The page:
Three Theoretical Assumptions Needed to Create Useful Applied Social Science Research for Architecture
Social science research has had minimal impact on architectural practice despite efforts since the 1960’s by organizations such as EDRA (Environmental Design Research Association) and IAPS (International Association of People-environment Studies) and others. This paper questions three fundamental assumptions of environmental design research that may account for the underwhelming application of this research in architecture: 1) Social science methods are suitable for evaluation of buildings. To the contrary, social science methods may not be suitable for the more global, action-oriented evaluation of buildings. More accurately and more modestly, social science methods can assess specific users’ experiences of specific qualities or features of buildings. 2) Hypothesis science is the ideal for environmental design research. To the contrary, hypothesis science in environmental design research is not as productive as discovery science. 3) Architectural methods of documentation are not relevant to social science investigations of the built environment. To the contrary, accessing social information in the physical environment requires detailed documentation and evaluation of the built environment using architectural methods, similar to archeology.
||Social Science Methods, Architectural Practice, Inhabitant Needs, Photographic Elicitation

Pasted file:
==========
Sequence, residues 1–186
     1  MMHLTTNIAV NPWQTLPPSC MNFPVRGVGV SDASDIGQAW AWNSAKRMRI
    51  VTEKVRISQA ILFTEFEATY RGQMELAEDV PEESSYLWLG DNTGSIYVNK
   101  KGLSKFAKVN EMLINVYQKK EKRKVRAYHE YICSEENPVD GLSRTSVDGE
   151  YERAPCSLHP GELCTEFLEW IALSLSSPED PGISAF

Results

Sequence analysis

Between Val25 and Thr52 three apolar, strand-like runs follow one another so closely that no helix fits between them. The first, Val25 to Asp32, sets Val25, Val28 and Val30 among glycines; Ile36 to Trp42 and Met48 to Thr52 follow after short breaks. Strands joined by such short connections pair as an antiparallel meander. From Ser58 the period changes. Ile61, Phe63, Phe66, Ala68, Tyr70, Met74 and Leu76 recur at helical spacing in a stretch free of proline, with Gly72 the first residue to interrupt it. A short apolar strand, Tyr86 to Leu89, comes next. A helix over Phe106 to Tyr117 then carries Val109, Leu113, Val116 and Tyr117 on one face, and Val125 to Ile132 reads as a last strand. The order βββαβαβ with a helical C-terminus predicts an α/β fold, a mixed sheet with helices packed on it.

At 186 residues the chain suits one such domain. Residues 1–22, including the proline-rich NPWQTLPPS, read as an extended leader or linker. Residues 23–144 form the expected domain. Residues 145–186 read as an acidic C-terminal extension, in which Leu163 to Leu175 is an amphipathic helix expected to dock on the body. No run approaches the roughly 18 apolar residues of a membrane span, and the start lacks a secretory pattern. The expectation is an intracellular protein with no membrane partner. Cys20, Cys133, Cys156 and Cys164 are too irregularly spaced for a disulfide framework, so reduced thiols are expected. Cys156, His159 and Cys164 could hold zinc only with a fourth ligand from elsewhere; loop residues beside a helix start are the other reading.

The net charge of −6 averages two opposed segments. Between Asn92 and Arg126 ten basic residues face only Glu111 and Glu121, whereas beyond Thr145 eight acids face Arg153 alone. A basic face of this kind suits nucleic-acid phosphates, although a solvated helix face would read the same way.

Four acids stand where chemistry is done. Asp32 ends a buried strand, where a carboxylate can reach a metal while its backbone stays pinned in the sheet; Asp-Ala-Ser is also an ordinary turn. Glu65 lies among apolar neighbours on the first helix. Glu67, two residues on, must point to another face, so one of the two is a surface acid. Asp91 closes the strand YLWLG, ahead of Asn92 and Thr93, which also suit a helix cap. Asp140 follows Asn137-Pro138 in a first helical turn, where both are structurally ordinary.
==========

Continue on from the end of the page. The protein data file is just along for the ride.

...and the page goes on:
International Journal of Interdisciplinary Social Sciences, Volume 4, Issue 10, pp.191-202.
Article: Print (Spiral Bound).
Article: Electronic (PDF File; 1.212MB).
Professor, School of Architecture, Professor of Social Aspects of Architecture, Roger Williams University, Bristol, Rhode Island, USA
Professor Eleftherios Pavlides, AIA, Masters of architecture, Yale School of Architecture, Ph.D. University of Pennsylvania. His research combines architectural and anthropological methodologies to examine inhabitant perceptions of architectural form. He co-edited a book of articles by architects and anthropologists and has contributed several chapters to anthropological books. He has practiced and taught architecture since 1978. His research between 2002 and 2006 measuring perceptions of wind turbines in Rhode Island has been credited for helping set a 15% wind electricity state goal. This work was recognized with a Rhode Island Legislature citation for contributions to renewable energy as well as a commendation by the Governor of Rhode Island. He is currently working with professor Galen Cranz on a textbook to introduce architecture students to the social sciences with a fieldwork component combining the methodologies of architecture and social sciences to investigate inhabitant experiences of buildings and landscapes.
Professor, Department of Architecture College of Environmental Design, University of California, Berkeley campus, University of California, Berkeley, Berkeley, California, USA
Professor Cranz, Ph.D. Sociology, University of Chicago, has taught social & cultural processes in architectural and urban design, including research methods for 30 years at Berkeley and Princeton. She is the author of two books, which proved influential in several fields of inquiry, The Chair: Rethinking Culture, Body and Design (1998) and The Politics of Park Design: A History of Urban Parks in America (1982) and numerous articles. As member of design teams she won 1st Prize in a national competition for an inner-city park for St. Paul, 1st Prize for Parc La Villette, Paris, and 7th Place in the Spectacle Island Design Competition, Boston. Current research activity includes body conscious design, the office of the future, sustainable urban parks, and ethnographic research for architecture.
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